- Write an external critical message to an existing customer.
We have discussed the importance of happy, satisfied customers to the success of a business. But what if an issue arises that necessitates a critical message to an existing customer?
When the need to send a critical message to a customer arises, we should take a step back and think through several factors. What is the exact outcome we desire? How can we communicate firmly yet tactfully so as to maintain our good business relationship? What facts need to be included in the message?
The indirect strategy would be best for a critical message to a customer. Such a message should start with some complementary language about how the relationship is valued. Next, a full explanation of the facts of the matter and any context should be given. After this buffer, the criticism or critique should be revealed, followed by a warm closing.
To: Mike Cross
From: Bill Langely
Subject: Could I ask for your assistance on an important matter?
I hope this message finds you well.
It is hard to believe that we have been doing business for over 10 years. The relationship between our companies has been mutually beneficial, and we hope to continue working with you for another decade.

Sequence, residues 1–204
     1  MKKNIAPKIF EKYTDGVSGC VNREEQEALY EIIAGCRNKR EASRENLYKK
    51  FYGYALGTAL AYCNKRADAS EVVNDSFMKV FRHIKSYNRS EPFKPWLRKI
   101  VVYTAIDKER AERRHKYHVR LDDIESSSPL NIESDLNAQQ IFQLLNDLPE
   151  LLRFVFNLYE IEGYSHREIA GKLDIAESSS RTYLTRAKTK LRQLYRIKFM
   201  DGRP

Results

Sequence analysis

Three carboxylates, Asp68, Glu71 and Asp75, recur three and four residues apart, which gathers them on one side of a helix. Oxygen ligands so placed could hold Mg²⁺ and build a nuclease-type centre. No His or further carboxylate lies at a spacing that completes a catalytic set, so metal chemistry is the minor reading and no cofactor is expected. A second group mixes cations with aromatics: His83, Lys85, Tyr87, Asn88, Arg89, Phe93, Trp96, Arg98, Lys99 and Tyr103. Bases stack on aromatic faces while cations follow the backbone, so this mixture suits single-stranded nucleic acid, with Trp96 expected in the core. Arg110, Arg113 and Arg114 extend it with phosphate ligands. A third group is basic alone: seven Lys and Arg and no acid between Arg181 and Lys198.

As you may know, we have contracted out our A/P department to a third-party company. They rely on a different financial system than the one we used in all of our prior dealings with your company. Apparently, this system cannot handle your firm applying credit memos to our invoices directly; they must be handled as separate line items. As a result, several of our invoices to you are now showing as late or delinquent. Our finance folks and yours have had several calls on this matter, but apparently your staff wants to continue the older process because it is easier for them. Yours is the only company that still maintains this Payable practice.
I think perhaps you meeting with your CFO would go a long way to satisfy this issue.
We look forward to working with you and your marketing team on our joint efforts at the June trade show. I feel positive about strengthening our relationship as business partners and the bright future ahead.
This example message follows the indirect strategy for a critical written communication. The subject line gets attention but delays the bad news until after the buffer. The opening is pleasant and complimentary. The buffer attempts to explain the necessary facts and context, e.g., Mike’s company is the only one with the problem process. The bad news is passive voice (instead of: “Can I ask you to get involved directly to meet with your CFO to resolve this matter?”). The close avoids referring to the problem and instead has a pleasant, future-looking statement.